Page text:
Cruise News Update: Carnival, Royal Caribbean and NCL

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Get ready for this week’s cruise news update from Cruise Hive, where we bring you the top news stories from the cruise industry. As usual, we have it all covered, with articles about Royal Caribbean, Norwegian Cruise Line, Carnival Cruise Line, the Alaskan city of Sitka, and a cruise ship protest in France.

Cruise News Update

As the war between Israel and Hamas continues to affect the itineraries of global cruise lines, Cruise Hive has ongoing coverage of the suspension of cruise operations in the region and the replacement of port calls as ships are rerouting away from the war zone. Stay updated on all of it by clicking here.

There’s no better way to stay on top of all the cruise news than with Cruise Hive. We’ve got all of the cruise news you want to know about, including Royal Caribbean shortening the final payment date on longer cruises, Norwegian Cruise Line altering an itinerary due to a refueling stop, Norwegian Cruise Line absorbing guests’ VAT charges in France, a group of environmental protesters targeting a small ship in Brittany, an Alaskan town rejecting a plan to cap cruise guest arrivals, and a massive investment approved for a Bahamas shipyard.

Cruise Line Shortens Payment Date on Longer Sailings

Cruisers who book a Royal Caribbean sailing of 15 days or longer have less time to pay their cruise fare in full, under a new payment policy taking effect on all new bookings. The cruise line changed its final payment due date to 120 days prior to embarkation, up from the previous 90-day payment deadline.

The 90-day full payment requirement was in effect for all bookings on cruises five nights or longer; shorter cruises of 1 to 4 nights required payment by 75 days before sailing. The new policy is only valid on longer cruises, and there has been no change to payment dates for shorter sailings of up to 14 days.

The cruise line offered no reason for the shortened payment schedule, but some cruise insiders believe the move could be to discourage last-minute cancellations.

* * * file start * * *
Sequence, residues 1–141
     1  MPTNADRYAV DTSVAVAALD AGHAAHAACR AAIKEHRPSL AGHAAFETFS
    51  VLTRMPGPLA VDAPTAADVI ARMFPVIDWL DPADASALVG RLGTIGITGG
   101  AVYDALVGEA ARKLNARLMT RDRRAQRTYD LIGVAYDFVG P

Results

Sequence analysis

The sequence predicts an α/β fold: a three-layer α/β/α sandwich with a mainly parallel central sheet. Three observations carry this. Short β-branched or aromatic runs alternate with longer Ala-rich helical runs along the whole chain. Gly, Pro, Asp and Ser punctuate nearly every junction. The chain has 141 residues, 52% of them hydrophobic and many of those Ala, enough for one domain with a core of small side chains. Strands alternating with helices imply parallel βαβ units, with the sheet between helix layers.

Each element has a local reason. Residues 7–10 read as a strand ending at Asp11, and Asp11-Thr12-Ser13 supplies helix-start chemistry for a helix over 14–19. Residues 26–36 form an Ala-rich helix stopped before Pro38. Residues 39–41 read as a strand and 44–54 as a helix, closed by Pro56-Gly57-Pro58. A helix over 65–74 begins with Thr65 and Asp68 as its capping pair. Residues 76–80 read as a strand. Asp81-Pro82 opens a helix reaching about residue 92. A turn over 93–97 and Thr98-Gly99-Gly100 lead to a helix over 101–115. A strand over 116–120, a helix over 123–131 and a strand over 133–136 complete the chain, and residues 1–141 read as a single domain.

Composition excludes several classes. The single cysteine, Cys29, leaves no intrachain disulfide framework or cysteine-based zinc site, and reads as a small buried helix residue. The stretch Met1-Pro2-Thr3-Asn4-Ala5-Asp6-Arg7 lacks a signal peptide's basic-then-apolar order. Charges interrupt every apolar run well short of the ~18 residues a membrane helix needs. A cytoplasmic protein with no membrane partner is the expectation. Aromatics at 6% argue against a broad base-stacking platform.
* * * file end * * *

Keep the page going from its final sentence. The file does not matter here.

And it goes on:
Royal Caribbean Cruise Ship
Royal Caribbean Cruise Ship (Photo Credit: marleyPug)

Longer itineraries generally are booked farther out from the departure date than short cruises, but some guests do not make full payment until the final deadline, for various reasons. Those who cancel at or near the 90-day deadline leave the cruise line scrambling to fill their cabins close-in to sail date.

The lion’s share of Royal Caribbean’s cruises are of lengths less than 15 days. Most of its sailings that are 15 or more days are repositioning cruises, such as transatlantic crossings, when ships are deployed to Europe for the summer and then return to home-port in North America for winter sailings in the Caribbean.

Ship’s Port Call Changes Due to Refueling Needs

Guests booked on a Royal Caribbean cruise aboard Wonder of the Seas in early January 2024 will not call at St. Thomas, US Virgin Islands, as planned, but instead will visit San Juan, Puerto Rico. The reason? To refuel the ship.

Cruisers booked on the January 7 departure of the 7-night Eastern Caribbean & Perfect Day cruise from Port Canaveral, Florida, were told of the refueling change, along with some additional alterations in port calls.

Wonder of the Seas, currently the largest cruise ship sailing and able to accommodate 5,734 guests in double occupancy, has also swapped the port call dates for St. Maarten and CocoCay, Royal Caribbean’s private island destination in the Bahamas.

Royal Caribbean's Wonder of the Seas
Royal Caribbean’s Wonder of the Seas (Photo Credit: Darryl Brooks)

CocoCay was to be the first port call, then St. Thomas, and then St. Maarten, followed by two days at sea. Under the new itinerary, the two sea days come first, then the call to St. Maarten, followed by the refueling call at San Juan. Guests will visit CocoCay on the last full day of the cruise.

Royal Caribbean is refunding any shore excursions booked for St. Thomas, while tours on St. Maarten and at CocoCay are being adjusted to the new call dates. The cruise line offered no specific reason why the ship needed to refuel in San Juan versus in another port.

Norwegian Epic Guests Get a Break on VAT

Guests sailing aboard Norwegian Cruise Line’s Norwegian Epic in the Western Mediterranean this week will pay no Value Added Tax (VAT) on drinks or dinners ordered as part of a pre-purchased beverage or specialty dining package, while the ship is in France or sailing in French waters.

The decision, a welcome one for cruisers, applies only to packages booked before the cruise began, and not to those bought onboard after embarkation. The cruise line notified guests about its generosity mid-cruise, and said any VAT charges already applied to onboard accounts would be refunded.

Norwegian Epic Cruise Ship
Norwegian Epic Cruise Ship (Photo Credit: lorenza62)

The absorption of VAT on drinks and food applies only to France, and not to similar purchases made in other European countries that charge the tax, such as Spain and Italy, both on Norwegian Epic’s itinerary.